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Pittsburgh poised to clinch the Big East title
The 19th-ranked Wildcats (21-9, 9-8) were picked second in the Big East. But they’ll likely be lumped with traditional also-rans like Seton Hall and DePaul in the first round of the conference tournament on Tuesday. The Wildcats’ freefall from 16-1 to the worst ranked team in the poll was impossible for coach Jay Wright to imagine weeks ago.
Villanova has lost three straight games and five of seven overall. Corey Stokes missed time with turf toe and Corey Fisher is battling severe tendinitis in his right knee. The back-end of the schedule was stuffed with Top 25 teams, and a roster with little depth simply didn’t improve down the stretch.
“I realize what we’ve done,” Wright said, “the opportunities that we’ve lost.”
The hits keep coming for the Wildcats. Assistant coach Jason Donnelly was forced into practice this week, and walk-on Dallas Ouano dislocated his knee.
Wright takes the blame with the rest of the staff for not having the Wildcats ready down the stretch. This is the second straight season that Villanova has collapsed in the final weeks, and they were eliminated last year in the second round of the NCAA tournament.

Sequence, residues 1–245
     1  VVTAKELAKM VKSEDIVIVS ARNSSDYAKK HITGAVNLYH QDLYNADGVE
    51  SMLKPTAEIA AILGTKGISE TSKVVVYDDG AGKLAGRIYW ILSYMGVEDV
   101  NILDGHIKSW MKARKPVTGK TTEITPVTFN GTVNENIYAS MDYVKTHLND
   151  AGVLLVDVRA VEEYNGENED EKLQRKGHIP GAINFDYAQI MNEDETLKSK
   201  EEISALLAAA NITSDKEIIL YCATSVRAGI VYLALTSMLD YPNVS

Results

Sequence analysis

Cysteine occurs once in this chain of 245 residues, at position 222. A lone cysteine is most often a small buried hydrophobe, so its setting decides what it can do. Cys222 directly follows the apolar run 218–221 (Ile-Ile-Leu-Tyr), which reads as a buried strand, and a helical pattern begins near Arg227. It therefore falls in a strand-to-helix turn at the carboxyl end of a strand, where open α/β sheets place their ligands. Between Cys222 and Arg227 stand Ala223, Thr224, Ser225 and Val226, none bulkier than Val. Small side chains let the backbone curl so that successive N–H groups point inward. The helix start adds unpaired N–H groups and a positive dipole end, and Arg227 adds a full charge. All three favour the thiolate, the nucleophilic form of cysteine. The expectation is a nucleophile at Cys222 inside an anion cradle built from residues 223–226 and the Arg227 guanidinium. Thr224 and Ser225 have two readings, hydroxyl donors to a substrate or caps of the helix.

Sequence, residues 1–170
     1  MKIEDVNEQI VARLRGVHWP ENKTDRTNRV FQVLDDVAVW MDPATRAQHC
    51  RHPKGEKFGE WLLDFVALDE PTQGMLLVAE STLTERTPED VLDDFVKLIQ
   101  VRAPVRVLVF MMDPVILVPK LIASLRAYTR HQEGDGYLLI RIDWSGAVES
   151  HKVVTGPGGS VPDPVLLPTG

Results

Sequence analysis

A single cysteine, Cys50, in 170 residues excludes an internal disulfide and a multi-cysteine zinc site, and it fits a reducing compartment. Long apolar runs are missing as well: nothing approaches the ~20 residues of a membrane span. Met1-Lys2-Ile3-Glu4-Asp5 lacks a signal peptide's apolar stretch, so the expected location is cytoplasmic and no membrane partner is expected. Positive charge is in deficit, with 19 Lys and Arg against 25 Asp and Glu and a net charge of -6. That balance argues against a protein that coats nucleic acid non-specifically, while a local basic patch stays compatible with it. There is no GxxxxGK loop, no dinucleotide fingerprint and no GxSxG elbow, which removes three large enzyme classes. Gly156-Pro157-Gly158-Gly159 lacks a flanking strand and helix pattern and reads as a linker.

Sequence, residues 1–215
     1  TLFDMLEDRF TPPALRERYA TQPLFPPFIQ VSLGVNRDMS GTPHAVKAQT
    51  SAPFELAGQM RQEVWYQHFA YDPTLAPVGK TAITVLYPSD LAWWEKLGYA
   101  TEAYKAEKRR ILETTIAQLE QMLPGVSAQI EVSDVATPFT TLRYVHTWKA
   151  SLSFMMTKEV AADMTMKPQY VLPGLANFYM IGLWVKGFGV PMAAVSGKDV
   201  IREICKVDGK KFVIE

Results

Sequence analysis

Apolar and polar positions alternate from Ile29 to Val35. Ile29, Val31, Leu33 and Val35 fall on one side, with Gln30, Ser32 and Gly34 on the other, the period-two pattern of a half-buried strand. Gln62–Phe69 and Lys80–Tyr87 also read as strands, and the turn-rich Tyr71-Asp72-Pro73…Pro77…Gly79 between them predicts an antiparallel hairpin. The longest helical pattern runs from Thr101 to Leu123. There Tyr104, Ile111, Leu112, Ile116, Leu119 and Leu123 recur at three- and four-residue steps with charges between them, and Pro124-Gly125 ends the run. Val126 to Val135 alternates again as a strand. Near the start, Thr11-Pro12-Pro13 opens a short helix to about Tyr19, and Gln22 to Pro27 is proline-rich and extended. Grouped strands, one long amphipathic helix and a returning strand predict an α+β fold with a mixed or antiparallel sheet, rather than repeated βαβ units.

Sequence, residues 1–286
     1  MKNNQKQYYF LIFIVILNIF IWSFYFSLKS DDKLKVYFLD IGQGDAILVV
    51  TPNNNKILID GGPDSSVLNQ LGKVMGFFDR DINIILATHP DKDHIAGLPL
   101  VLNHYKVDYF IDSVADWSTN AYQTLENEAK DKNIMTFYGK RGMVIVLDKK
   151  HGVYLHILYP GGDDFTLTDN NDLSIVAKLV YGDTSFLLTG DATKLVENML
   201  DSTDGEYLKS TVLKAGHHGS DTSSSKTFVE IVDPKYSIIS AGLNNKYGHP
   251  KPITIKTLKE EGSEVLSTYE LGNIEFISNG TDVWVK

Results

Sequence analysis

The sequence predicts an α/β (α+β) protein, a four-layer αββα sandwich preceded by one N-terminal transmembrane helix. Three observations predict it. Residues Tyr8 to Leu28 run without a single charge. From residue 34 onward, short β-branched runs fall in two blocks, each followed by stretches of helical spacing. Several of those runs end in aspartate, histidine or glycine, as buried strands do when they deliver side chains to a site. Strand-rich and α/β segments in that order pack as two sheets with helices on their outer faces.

Wright is optimistic, though, that the Wildcats can spark their season with a win over Pitt. But for a coach who stresses the Big East regular season as the true barometer of the state of the program, this season has not been a success.
“In terms of being the best team we could at the end of the year, I don’t think so,” he said. “But the year’s not over. We would have expected to be in a better position. You can’t argue that.”
The worst loss came Monday night, a 93-72 beating at Notre Dame. Ben Hansbrough hit seven of Notre Dame’s school-record 20 3-pointers and the Irish led by as many as 32 points.
Wright scrapped practice the next day and held a team meeting where the Wildcats, “talked about the reality of going out there and getting our butts kicked.”
For the first time this season, Wright admitted concern over his players’ mental state. Losing takes a toll and blowouts are even worse. Toss in the Big East title aspirations that faded away, and only a deep run in the NCAA tournament could erase the memories of the past month.
Beating Pitt, of course, would ease those confidence concerns. But it won’t be easy.
“They might not have the marquee players,” Wright said, “but this is the best Pitt team we’ve ever played against.”
By David Keene
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